Environmental Science majors conduct studies on the animals found in the local environment

About The Program

The world needs environmental scientists now more than ever. Through this immersive program, you will develop the problem-solving skills needed to excel in the field by designing experiments, interpreting the results from studies, experiencing hands-on fieldwork, and more. Working in collaboration with a diverse faculty of scientists and scholars, you will gain great professional insight that will help prepare you for a career in environmental science.

Why LVC?

  • LVC’s Environmental Sciences Program is diverse; your education will cover biology, chemistry, geosystems, geographical information systems (GIS), mathematics, and physics.
  • You will gain hands-on experience through our Environmental Sciences Program. Our majors do not just sit through lectures.
  • Our dynamic environmental sciences coursework involves meaningful field research. Students can walk to a 20-acre eastern deciduous forest, riparian wetland, campus pond, and numerous other rich environmental areas.
  • Environmental science majors will study and learn in the state-of-the-art Neidig-Garber Science Center, which houses research-level instrumentation and facilities.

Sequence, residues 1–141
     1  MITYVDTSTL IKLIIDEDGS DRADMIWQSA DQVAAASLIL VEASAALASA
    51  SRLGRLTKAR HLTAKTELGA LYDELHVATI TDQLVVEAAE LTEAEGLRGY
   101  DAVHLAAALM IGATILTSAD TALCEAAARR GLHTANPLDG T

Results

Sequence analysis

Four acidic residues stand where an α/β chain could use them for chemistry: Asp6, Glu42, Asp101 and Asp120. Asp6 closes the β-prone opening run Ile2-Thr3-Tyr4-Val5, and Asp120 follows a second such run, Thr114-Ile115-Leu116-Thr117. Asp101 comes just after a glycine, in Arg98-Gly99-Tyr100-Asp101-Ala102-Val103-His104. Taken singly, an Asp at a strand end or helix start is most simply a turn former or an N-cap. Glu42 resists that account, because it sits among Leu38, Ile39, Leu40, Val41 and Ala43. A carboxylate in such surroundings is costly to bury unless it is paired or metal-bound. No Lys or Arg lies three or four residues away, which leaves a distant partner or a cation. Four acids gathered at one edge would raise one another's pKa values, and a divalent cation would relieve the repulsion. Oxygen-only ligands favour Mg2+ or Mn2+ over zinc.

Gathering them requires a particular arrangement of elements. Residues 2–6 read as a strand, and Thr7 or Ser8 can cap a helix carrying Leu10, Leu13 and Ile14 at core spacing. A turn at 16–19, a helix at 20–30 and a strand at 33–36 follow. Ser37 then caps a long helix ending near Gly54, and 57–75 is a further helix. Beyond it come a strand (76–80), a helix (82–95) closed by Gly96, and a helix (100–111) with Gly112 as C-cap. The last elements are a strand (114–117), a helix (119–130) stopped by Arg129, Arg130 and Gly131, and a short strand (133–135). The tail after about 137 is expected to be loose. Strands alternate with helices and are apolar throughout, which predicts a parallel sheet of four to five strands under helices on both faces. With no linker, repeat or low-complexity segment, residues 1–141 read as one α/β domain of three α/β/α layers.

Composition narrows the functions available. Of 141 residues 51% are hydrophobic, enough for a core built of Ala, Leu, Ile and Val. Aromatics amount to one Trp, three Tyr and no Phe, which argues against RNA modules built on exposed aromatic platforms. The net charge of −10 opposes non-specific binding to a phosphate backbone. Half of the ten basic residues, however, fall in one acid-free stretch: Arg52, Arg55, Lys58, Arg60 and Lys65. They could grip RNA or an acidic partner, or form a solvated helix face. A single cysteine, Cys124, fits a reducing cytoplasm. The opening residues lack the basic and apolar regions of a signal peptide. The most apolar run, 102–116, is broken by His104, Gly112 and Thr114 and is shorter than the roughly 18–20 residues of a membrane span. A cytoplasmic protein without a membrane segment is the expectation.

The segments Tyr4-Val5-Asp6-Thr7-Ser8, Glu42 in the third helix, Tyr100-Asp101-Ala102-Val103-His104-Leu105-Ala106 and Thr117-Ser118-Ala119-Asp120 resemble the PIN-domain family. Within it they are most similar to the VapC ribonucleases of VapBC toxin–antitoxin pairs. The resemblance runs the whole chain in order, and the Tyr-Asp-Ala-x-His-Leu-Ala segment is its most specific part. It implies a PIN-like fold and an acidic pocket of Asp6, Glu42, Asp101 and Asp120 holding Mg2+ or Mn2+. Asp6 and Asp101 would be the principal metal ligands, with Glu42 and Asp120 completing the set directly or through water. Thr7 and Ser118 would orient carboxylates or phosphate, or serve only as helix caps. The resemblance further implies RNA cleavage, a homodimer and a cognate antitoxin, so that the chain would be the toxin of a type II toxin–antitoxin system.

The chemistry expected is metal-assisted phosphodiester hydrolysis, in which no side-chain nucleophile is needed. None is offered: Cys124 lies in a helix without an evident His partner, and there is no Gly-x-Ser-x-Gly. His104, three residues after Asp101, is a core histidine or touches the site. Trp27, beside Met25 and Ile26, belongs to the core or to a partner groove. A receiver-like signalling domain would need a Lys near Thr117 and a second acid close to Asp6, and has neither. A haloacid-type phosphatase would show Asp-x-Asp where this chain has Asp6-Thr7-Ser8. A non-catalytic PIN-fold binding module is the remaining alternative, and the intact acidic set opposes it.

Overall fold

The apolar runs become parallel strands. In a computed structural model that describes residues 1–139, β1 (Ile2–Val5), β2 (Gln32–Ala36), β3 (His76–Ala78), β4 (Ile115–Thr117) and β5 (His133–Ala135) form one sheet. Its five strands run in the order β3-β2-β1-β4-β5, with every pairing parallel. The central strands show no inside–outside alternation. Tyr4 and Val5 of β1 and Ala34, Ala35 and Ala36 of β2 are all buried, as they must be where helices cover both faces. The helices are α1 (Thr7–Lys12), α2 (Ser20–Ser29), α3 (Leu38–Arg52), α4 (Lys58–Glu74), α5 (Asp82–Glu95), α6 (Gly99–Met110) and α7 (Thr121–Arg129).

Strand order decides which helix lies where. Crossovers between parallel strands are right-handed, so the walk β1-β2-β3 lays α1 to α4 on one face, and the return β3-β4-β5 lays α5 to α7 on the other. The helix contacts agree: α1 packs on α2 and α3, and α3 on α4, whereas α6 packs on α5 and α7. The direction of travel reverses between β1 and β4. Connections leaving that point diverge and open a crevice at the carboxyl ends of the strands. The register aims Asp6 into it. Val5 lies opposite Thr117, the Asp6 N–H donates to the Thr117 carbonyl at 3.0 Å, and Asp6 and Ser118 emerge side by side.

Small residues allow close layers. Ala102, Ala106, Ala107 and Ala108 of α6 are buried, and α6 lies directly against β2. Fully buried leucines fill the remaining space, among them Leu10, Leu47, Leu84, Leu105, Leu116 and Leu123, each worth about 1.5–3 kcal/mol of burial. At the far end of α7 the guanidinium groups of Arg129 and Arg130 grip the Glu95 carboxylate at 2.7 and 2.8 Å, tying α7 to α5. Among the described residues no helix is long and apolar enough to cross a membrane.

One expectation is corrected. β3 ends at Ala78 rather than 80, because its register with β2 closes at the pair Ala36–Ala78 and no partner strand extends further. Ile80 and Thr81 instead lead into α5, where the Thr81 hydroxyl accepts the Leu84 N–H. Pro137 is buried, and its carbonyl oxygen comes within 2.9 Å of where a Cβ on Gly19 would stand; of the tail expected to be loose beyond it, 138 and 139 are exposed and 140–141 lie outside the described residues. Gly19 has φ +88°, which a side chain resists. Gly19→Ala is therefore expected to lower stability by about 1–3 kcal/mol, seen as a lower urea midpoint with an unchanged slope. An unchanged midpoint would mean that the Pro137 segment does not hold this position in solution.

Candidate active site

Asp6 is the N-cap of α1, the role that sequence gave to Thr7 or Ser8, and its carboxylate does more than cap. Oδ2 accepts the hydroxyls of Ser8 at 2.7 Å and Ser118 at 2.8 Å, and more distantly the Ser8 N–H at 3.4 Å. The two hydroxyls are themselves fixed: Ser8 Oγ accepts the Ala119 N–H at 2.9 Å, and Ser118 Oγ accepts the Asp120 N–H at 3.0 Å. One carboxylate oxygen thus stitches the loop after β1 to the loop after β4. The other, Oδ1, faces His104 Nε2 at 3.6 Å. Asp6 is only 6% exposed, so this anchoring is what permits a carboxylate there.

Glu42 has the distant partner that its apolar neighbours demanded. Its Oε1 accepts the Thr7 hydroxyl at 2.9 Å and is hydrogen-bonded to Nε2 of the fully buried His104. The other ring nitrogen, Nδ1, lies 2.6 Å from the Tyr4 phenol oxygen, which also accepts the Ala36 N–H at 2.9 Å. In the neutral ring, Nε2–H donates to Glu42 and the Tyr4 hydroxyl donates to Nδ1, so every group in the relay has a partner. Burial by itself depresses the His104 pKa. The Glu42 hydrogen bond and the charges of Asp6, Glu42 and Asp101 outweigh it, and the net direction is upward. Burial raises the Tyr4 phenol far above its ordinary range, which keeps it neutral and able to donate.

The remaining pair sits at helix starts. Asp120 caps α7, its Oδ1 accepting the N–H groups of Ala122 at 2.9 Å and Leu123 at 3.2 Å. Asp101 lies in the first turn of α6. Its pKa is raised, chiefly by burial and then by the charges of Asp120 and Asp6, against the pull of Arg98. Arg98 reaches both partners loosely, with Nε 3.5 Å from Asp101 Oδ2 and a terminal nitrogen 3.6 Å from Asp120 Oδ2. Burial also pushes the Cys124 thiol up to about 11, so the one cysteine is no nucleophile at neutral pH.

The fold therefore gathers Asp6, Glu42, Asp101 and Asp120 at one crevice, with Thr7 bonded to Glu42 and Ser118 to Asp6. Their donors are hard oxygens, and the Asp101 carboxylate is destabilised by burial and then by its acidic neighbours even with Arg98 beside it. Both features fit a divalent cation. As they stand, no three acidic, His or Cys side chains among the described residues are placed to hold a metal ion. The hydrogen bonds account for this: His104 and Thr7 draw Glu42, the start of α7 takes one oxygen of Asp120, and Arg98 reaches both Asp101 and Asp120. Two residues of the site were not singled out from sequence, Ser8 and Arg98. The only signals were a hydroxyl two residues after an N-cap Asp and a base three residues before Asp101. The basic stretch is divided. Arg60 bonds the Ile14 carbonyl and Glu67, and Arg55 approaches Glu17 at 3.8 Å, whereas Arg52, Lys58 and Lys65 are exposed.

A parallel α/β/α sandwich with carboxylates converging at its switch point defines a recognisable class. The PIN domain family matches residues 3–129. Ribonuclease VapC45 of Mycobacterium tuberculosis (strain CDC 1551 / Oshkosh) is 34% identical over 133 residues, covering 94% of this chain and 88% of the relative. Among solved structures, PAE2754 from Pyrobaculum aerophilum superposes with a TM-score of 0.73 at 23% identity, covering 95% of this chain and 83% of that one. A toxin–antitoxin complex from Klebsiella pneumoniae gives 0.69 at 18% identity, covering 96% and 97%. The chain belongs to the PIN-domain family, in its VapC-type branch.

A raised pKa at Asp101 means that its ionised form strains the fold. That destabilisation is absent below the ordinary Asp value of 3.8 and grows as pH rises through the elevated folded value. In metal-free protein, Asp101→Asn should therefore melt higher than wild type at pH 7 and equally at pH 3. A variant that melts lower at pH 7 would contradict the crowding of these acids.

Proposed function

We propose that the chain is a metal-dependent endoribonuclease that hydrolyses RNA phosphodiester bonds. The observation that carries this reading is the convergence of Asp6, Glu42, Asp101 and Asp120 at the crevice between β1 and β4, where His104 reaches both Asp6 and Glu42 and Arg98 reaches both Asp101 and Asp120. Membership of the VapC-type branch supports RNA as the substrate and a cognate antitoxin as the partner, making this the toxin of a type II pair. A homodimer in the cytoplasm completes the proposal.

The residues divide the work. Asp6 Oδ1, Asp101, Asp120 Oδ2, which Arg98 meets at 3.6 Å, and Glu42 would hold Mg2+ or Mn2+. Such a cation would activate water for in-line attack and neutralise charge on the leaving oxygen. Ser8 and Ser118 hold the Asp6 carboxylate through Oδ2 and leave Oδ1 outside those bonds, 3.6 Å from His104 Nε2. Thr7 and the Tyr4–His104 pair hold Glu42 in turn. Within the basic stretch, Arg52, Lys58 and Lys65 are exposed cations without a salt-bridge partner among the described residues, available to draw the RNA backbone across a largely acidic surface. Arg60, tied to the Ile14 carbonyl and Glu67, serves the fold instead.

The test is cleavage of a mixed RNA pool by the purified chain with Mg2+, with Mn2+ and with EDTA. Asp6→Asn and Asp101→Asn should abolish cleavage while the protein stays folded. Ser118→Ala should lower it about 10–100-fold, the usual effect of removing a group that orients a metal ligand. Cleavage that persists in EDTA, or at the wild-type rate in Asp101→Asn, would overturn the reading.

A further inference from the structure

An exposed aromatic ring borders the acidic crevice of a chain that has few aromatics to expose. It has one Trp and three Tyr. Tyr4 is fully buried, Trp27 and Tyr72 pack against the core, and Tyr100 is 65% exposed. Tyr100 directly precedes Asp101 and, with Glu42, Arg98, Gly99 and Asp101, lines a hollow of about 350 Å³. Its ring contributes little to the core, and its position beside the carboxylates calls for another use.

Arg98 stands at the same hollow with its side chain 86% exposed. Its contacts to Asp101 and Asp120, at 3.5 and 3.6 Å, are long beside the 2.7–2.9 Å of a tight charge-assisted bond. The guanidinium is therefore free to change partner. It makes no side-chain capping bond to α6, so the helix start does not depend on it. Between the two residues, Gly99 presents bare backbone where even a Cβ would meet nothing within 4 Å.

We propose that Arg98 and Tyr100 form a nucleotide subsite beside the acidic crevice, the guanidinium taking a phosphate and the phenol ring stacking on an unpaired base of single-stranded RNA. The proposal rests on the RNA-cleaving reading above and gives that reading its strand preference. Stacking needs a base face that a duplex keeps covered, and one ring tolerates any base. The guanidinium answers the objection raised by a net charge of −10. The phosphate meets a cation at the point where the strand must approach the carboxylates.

• Our environmental science majors have access to the resources necessary to conduct real-world environmental research.
  • Environmental science majors may collaborate with faculty on projects that lead to presentable and publishable results. Recent projects have included investigating the interactions of invasive plants, determining how woody debris influences small mammal communities, and the toxicity of engineered nanoparticles.
  • Environmental science majors may conduct forest vegetation sampling, survey animal communities and benthic macroinvertebrates, study the effects of forest fragmentation, identify tree species, determine the impacts of invasive species, and investigate water quality.

I believe that my LVC education and experiences laid the foundation for further research at the University of Wisconsin-Madison, entrance into graduate school, and my full-time employment. None of these later steps would have occurred if I had not had classes that interested me in ecology or the opportunity to explore those interests through undergraduate research.

Adrienne Gemberling ’13, Biology, M.S., Missouri State University, Water Resources Coordinator, ClearWater Conservancy